U.S. 2016–2020, Age-Adjusted
|Age Range||Percent of Deaths|
The percent of acute lymphocytic leukemia deaths is highest among people aged 65–74.
U.S. 2016–2020, All Races, Both Sexes
Trends in Rates
Changes Over Time
Keeping track of new cases, deaths, and survival over time (trends) can help scientists understand whether progress is being made and where additional research is needed to address challenges, such as improving screening or finding better treatments.
Using statistical models for analysis, age-adjusted rates for new acute lymphocytic leukemia cases have been rising on average 0.8% each year over 2010–2019. Age-adjusted death rates have not changed significantly over 2011–2020. 5-year relative survival trends are shown below.
Interactive Statistics with SEER*Explorer
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SEER*Explorer is an interactive website that provides easy access to a wide range of SEER cancer statistics. It provides detailed statistics for a cancer site by gender, race, calendar year, age, and for a selected number of cancer sites, by stage and histology.Explore Additional Acute Lymphocytic Leukemia Statistics
More About This Cancer
Cancer and the Blood
Figure: Stem cells maturing into one of three types of mature blood cells: red blood cells, platelets, and white blood cells. Precursor cells are also shown: stem cells, myeloid blasts, lymphoid stem cells, and lymphoid blasts.
Leukemia is cancer that starts in the tissue that forms blood. Most blood cells develop from cells in the bone marrow called stem cells. In a person with leukemia, the bone marrow makes abnormal white blood cells. The abnormal cells are leukemia cells. Unlike normal blood cells, leukemia cells don't die when they should. They may crowd out normal white blood cells, red blood cells, and platelets. This makes it hard for normal blood cells to do their work. The four main types of leukemia are:
- Acute lymphoblastic leukemia (ALL)
- Acute myelogenous leukemia (AML)
- Chronic lymphocytic leukemia (CLL)
- Chronic myelogenous leukemia (CML)
Here are some resources for learning more about leukemia.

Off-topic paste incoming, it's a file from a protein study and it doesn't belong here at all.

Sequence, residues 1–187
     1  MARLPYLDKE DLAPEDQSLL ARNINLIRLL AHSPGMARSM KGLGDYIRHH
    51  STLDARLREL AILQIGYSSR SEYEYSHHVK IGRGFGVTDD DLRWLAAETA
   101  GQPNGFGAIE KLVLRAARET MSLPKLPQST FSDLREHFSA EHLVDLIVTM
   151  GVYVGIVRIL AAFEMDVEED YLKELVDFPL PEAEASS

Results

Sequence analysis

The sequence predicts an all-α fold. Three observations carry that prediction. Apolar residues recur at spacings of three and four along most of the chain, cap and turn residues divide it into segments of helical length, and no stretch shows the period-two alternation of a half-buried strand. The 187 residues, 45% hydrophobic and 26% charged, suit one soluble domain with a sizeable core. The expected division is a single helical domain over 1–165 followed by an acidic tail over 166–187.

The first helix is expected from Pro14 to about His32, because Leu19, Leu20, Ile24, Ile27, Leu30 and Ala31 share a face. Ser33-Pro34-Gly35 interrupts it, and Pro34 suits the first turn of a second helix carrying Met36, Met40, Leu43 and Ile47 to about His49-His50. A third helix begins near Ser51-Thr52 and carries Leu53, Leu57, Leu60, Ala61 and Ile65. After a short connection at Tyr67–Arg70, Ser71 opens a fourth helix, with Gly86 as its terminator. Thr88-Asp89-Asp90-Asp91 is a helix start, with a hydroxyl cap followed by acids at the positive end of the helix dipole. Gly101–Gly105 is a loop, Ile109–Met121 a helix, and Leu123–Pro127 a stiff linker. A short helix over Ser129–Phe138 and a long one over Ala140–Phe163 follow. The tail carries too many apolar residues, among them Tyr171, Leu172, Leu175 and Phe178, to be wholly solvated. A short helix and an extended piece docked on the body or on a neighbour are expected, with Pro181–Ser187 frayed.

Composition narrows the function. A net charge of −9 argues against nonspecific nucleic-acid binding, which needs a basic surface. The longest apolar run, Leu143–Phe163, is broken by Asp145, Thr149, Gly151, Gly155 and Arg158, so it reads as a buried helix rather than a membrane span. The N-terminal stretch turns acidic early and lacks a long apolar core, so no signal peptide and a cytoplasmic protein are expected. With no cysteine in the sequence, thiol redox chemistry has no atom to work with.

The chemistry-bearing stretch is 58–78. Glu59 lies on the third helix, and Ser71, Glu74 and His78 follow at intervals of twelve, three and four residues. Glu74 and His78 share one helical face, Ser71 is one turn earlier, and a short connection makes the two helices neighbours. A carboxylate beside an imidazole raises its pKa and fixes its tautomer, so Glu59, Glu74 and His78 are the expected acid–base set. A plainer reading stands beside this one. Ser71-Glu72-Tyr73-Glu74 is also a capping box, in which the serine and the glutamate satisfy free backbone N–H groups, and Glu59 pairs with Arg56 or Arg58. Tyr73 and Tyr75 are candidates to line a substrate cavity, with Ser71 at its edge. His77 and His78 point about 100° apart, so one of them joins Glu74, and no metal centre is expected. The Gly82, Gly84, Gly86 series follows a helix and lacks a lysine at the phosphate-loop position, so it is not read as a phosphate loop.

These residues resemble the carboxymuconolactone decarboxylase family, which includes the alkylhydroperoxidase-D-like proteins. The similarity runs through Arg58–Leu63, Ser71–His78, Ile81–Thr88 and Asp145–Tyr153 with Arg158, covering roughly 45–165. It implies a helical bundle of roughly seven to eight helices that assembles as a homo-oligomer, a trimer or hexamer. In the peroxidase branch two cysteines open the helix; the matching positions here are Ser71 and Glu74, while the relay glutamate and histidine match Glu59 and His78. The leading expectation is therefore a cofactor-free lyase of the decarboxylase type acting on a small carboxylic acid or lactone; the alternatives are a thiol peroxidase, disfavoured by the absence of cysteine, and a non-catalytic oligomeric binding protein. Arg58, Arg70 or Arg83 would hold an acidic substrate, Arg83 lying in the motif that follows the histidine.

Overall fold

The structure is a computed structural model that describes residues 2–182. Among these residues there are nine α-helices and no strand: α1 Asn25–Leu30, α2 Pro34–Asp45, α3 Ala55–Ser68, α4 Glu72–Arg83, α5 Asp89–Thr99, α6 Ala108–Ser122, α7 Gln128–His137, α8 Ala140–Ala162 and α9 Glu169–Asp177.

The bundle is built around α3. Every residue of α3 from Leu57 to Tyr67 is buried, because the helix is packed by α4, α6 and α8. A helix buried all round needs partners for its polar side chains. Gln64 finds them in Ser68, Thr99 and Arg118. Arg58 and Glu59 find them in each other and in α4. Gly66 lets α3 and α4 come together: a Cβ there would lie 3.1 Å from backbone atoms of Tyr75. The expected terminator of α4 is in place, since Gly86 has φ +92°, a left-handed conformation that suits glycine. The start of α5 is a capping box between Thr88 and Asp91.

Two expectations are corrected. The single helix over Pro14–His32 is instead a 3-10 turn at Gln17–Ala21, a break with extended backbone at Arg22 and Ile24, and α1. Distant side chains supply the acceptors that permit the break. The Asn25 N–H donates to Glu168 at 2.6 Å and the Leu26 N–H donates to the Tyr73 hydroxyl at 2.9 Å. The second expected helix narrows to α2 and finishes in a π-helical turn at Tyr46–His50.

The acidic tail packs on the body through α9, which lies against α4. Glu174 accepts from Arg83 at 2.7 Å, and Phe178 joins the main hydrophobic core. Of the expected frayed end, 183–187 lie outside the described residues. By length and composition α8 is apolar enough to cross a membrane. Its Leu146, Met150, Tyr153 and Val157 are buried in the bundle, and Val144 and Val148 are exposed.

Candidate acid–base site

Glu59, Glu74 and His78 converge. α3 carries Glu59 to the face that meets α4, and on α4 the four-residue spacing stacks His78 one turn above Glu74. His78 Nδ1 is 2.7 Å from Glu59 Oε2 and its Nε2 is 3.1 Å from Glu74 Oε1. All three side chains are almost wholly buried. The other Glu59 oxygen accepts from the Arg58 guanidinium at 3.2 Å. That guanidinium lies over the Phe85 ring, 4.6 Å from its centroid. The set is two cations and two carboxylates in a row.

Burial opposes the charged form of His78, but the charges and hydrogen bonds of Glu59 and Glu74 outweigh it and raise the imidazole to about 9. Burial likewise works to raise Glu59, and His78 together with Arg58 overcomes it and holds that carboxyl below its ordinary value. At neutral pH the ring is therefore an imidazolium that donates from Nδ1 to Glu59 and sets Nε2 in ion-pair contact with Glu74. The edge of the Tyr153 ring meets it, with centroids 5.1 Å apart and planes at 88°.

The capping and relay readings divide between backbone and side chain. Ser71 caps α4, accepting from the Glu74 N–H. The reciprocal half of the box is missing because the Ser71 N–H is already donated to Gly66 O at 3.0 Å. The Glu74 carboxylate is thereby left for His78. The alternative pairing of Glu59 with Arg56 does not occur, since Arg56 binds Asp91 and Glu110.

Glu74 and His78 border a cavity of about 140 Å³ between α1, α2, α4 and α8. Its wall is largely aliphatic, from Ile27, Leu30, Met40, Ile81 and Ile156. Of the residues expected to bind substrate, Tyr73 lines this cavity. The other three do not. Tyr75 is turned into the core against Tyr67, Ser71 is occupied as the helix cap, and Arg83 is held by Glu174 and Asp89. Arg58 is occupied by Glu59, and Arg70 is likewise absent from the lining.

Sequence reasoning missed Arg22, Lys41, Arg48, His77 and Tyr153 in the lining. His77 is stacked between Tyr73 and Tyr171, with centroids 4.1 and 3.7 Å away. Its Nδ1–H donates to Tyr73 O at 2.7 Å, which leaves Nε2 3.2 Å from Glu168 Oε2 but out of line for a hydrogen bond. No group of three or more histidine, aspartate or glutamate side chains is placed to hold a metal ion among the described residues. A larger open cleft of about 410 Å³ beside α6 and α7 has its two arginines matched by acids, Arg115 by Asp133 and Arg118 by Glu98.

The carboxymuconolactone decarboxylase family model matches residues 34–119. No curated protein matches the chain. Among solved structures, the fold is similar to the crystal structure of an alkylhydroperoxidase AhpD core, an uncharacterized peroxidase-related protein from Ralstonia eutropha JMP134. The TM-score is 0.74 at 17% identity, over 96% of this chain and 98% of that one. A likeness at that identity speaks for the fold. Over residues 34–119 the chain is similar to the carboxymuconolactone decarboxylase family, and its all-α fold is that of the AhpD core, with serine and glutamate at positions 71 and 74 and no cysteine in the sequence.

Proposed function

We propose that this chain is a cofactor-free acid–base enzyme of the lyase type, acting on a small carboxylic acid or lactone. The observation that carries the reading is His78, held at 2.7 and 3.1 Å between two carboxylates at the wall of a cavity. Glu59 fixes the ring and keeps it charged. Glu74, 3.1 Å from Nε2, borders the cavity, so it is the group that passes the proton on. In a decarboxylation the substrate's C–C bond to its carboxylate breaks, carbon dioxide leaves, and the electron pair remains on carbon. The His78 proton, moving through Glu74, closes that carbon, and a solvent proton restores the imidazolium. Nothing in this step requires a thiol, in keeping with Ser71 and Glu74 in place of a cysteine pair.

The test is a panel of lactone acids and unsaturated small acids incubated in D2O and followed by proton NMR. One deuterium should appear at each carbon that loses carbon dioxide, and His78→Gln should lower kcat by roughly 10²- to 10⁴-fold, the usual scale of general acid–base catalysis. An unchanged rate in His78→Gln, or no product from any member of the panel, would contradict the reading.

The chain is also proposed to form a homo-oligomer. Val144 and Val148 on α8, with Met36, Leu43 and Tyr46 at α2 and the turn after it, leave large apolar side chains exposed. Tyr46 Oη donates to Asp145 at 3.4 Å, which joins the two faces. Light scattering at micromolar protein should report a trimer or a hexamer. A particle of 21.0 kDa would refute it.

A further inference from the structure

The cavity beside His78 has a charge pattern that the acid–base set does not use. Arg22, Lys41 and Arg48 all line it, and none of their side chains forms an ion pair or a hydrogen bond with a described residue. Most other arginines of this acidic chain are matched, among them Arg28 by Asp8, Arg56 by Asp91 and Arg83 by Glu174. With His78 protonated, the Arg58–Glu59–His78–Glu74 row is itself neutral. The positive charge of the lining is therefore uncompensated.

All statistics in this report are based on statistics from SEER and the Centers for Disease Control and Prevention's National Center for Health Statistics. Most can be found within SEER*Explorer.
All material in this report is in the public domain and may be reproduced or copied without permission; citation as to source, however, is appreciated.
SEER Cancer Stat Facts: Acute Lymphocytic Leukemia. National Cancer Institute. Bethesda, MD, https://seer.cancer.gov/statfacts/html/alyl.html
These stat facts focus on population statistics that are based on the U.S. population. Because these statistics are based on large groups of people, they cannot be used to predict exactly what will happen to an individual patient. To see tailored statistics, browse SEER*Explorer. To see statistics for a specific state, go to the State Cancer Profiles.
The statistics presented in these stat facts are based on the most recent data available, most of which can be found in SEER*Explorer. In some cases, different year spans may be used.
Estimates of new cases and deaths for 2022 are projections made by the American Cancer Society (ACS), based on earlier reported data.
Cancer is a complex topic. There is a wide range of information available. These stat facts do not address causes, symptoms, diagnosis, treatment, follow-up care, or decision making, although links are provided to information in many of these areas.